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Journal American Rhododendron Society

Current Editor:
Dr. Glen Jamieson ars.editor@gmail.com


Volume 49, Number 1
Winter 1995

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In Memoriam: Ella J. Crabb
Dr. M. L. Trembath
Aldergrove, British Columbia, Canada

A Gallant Lady
Ella J. Crabb, nee Paul, wife of David, formerly of West Vancouver, Langley and lately Qualicum Beach, passed away Nov. 24, 1994. Ella died as she had lived - bravely - her concern more for those near and dear to her than for herself.
        Fraser South Rhododendron Society has lost a charter member; Vancouver Rhododendron Society has lost a long time member; and Mount Arrowsmith Rhododendron Society has lost a newer, though active member. We are all very aware of our loss. Ella was one of those most valuable people without whom organizations fail to prosper. She was ready to help whoever, whenever, and wherever help was needed. She and Dave edited the FSRS newsletter for several years, keeping us up to date with club happenings along with information from other chapters and articles of interest gleaned from newsletters and garden journals. They had recently taken on this job for the MARS Chapter. Ella and Dave were awarded a Bronze Medal by FSRS for their generosity in sharing their garden, their knowledge, their plants and their yeoman job as newsletter editors.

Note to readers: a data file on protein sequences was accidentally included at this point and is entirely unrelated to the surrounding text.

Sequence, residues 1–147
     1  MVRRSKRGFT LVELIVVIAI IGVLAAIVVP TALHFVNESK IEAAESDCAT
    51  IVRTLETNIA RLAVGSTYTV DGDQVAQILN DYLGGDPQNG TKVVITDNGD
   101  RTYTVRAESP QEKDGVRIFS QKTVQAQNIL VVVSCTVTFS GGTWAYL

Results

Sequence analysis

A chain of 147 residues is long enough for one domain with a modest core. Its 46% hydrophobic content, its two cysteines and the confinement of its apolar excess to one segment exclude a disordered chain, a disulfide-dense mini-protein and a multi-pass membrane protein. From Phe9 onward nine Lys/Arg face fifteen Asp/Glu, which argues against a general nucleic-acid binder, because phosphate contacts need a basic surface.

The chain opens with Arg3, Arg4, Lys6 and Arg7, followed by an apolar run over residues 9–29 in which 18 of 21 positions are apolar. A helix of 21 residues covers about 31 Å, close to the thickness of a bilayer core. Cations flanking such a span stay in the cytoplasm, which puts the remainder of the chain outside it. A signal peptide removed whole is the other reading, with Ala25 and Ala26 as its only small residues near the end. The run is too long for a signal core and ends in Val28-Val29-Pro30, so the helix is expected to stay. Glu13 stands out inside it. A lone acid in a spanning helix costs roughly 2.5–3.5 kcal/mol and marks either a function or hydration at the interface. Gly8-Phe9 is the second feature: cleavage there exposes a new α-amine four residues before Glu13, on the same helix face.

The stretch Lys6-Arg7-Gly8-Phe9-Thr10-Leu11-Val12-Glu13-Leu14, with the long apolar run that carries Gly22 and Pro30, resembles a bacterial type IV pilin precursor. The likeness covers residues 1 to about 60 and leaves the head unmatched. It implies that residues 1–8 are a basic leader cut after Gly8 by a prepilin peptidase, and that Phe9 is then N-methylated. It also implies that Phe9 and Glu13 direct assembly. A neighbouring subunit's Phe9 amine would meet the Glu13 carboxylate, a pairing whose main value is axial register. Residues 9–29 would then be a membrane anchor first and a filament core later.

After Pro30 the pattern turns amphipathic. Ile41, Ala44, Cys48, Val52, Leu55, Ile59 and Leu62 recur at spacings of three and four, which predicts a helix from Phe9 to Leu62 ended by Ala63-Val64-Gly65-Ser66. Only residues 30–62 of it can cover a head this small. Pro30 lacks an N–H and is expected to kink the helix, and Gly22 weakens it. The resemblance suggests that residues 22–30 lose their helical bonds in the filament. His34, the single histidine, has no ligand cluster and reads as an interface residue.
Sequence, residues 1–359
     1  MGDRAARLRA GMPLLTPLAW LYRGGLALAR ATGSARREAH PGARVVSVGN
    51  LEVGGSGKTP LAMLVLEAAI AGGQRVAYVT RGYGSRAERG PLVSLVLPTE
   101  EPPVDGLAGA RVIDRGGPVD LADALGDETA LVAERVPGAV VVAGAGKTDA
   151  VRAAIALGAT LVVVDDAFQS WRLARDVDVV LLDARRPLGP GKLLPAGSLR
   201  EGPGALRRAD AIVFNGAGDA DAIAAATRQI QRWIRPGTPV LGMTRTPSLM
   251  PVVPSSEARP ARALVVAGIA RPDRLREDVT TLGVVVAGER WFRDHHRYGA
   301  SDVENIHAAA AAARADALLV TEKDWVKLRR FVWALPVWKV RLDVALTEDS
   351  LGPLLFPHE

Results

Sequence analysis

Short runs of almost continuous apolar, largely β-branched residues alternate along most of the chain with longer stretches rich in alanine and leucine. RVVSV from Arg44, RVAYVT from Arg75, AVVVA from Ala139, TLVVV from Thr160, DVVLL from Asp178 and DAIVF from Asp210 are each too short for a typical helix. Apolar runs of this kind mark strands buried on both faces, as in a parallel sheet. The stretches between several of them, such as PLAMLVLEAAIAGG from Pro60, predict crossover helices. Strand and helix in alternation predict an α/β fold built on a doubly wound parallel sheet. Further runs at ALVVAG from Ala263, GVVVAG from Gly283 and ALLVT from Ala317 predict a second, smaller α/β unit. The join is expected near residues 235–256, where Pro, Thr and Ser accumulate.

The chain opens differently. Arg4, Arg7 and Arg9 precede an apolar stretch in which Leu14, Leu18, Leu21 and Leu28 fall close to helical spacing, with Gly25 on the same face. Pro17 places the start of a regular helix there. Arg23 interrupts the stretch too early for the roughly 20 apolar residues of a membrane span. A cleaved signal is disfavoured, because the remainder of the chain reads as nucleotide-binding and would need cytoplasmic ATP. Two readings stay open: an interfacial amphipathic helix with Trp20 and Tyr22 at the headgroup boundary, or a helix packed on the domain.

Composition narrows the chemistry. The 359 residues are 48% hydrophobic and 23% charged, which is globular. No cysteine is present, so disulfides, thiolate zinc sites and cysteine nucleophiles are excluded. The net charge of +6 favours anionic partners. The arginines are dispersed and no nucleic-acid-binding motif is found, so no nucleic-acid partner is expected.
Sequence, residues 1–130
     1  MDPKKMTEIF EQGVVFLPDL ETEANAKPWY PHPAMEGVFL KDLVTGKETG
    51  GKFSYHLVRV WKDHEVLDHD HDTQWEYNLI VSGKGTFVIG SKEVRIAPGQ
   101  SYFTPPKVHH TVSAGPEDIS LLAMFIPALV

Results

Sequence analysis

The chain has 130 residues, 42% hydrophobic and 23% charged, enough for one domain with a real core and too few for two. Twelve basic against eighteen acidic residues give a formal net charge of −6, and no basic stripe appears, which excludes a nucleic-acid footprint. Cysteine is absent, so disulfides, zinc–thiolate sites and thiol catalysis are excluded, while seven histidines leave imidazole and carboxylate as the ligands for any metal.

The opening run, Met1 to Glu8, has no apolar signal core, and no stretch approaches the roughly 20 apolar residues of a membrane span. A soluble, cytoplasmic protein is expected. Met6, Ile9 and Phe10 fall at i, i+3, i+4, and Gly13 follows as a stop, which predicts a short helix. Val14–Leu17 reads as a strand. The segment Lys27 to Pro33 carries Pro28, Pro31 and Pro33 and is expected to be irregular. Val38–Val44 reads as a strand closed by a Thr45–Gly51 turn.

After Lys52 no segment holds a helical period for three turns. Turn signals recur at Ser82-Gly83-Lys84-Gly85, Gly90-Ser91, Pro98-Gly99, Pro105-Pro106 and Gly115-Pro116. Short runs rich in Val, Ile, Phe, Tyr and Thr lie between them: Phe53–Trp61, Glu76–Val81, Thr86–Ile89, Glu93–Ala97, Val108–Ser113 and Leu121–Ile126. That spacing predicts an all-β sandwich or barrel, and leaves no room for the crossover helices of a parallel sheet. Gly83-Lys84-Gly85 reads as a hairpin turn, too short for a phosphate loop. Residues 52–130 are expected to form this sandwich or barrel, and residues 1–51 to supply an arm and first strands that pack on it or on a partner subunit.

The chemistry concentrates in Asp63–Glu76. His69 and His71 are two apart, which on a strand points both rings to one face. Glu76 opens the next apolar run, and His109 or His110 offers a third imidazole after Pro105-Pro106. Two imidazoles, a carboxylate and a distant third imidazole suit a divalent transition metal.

Ella's enthusiasm for her plants was infectious, although it occasionally led to a frustrated howl from Dave - "Ella, where have you put ...?" and the reply would come, "Well, it didn't look happy there, so I moved it ..." The Crabb garden in Langley was a Mecca for all rhodoholics and we were all welcomed, rain or shine, toured and coffee'd or tea'd, and toured again. There was an incredibly large collection of rhodies in that garden, each known and cherished.
        Ella took delight in her animal friends, the dogs Rhodie and Sam, the cat Buffy, the birds, and the wild birds they encouraged and fed - even the squirrel who stole from the feeders and sent Rhodie into paroxysms of barking. There always seemed to be a chuckle behind her voice, as though she was amused by the vagaries of us all.
        I can hardly bear to think that I will never again pick up the phone and hear the very definite voice say, "Mike, how are ye? Mike, what do you know about..."
        As the ballad says, "Sad am I without thee."


Volume 49, Number 1
Winter 1995

DLA Ejournal Home | JARS Home | Table of Contents for this issue | Search JARS and other ejournals